China hostile, its claim on Arunchal baseless: Advani | india | Hindustan Times
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China hostile, its claim on Arunchal baseless: Advani

india Updated: Nov 06, 2010 09:17 IST

Senior BJP leader L K Advani said a peaceful resolution of Sino-Indian border dispute is not possible if China makes hostile statements and provides tacit support to Pakistan in its anti-India approach.

Inaugurating the 6th International Conference of Tibet Support Groups here, Advani also said China's claim on Arunachal Pradesh is "wholly baseless."

"The bilateral relationship between India and China will be one of the key determinants of the course of world history in the 21st century. There is no alternative to peaceful co-existence between India and China.

"This requires peaceful resolution of the border dispute between our two countries," Advani said in the presence of Tibetan spiritual leader the Dalai Lama.

However, he said, "This is not possible if China makes hostile statements, giving an expression to its aggressive and expansionist intentions. For example, its claim on Arunachal Pradesh is wholly baseless. What has further complicated India-China relations is China's tacit support to Pakistan in the latter's hostile approach towards India."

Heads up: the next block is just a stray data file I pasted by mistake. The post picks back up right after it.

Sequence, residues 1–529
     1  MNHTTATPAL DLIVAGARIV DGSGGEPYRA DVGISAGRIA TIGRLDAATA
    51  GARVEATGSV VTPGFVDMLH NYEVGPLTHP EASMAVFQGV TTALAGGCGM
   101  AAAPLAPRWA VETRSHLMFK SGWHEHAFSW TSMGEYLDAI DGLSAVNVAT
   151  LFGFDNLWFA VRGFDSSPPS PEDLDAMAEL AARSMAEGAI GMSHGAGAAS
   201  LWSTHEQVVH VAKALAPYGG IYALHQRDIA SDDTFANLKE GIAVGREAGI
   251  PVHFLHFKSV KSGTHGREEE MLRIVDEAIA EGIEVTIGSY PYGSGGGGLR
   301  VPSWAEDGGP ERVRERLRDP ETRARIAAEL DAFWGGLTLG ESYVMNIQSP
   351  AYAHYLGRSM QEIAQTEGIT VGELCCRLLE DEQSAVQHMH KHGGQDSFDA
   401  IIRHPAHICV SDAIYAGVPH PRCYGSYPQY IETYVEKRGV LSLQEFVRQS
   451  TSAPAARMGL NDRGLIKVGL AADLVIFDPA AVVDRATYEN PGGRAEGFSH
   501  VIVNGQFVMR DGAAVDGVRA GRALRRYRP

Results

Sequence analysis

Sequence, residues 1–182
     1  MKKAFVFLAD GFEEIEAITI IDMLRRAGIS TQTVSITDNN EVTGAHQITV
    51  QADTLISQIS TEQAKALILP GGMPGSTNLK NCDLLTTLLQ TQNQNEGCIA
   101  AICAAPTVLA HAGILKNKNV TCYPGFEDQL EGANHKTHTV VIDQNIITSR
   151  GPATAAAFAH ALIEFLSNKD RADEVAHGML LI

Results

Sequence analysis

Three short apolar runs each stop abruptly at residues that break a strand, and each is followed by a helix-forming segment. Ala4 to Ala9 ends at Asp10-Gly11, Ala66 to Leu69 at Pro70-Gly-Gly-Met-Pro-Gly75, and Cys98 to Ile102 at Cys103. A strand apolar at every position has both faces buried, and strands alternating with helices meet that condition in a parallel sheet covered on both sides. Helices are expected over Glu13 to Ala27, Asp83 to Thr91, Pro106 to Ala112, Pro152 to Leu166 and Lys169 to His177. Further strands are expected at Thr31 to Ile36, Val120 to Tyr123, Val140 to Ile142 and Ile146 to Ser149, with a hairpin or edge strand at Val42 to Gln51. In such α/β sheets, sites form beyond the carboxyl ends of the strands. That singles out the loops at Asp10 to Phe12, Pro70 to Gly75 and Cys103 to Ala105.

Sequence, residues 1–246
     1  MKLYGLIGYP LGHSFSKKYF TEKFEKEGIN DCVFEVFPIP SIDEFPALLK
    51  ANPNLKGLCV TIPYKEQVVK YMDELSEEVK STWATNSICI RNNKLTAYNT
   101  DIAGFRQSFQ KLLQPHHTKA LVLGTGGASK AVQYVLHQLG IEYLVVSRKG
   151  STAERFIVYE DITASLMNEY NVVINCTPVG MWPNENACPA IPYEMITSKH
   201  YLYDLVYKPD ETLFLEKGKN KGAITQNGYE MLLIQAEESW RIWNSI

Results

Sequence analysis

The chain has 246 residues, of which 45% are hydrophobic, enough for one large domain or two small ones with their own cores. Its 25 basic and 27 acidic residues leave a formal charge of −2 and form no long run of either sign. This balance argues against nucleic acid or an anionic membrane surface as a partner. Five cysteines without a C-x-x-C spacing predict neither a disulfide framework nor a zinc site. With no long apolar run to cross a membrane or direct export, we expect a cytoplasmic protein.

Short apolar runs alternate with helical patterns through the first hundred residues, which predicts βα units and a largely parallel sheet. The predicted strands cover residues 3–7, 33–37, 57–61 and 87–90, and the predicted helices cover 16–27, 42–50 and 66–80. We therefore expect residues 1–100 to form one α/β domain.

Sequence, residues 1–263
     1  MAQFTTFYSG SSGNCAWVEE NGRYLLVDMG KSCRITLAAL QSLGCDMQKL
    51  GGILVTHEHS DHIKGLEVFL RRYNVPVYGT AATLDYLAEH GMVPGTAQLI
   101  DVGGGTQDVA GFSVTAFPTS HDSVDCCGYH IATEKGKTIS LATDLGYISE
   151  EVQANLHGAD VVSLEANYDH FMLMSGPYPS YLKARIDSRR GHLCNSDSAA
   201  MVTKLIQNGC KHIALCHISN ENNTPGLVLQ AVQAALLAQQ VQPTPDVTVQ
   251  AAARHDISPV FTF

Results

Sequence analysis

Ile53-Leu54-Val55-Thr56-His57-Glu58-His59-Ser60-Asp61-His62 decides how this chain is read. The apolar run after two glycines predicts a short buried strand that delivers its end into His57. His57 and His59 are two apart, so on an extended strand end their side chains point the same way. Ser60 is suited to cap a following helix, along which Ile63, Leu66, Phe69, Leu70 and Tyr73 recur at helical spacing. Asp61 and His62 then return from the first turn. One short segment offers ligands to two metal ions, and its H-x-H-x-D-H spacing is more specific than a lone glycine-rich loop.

"I hope good sense prevails among the leaders in China."

Advani said there was no place for party politics as far as defending India's interests in the border dispute are concerned. "All political parties are united, and should remain united," he said.

He termed as "a gross misconception" the communist China's thoughts that India is interfering in its internal affairs by making "His Holiness the Dalai Lama and his followers our honoured guests.

"This is a gross misconception and denial of the wrongs committed by the communist government in Beijing after 1949. India has no reason whatsoever to interfere in the internal affairs of China. India has never made any territorial claims either on Tibet or on China," Advani said.

He said the ideology of communism and the communist regime in Beijing seemed to be the biggest hurdle in resolving the issue of Tibet. "A democratic China would surely be good for both Tibet and for the Chinese people," he said.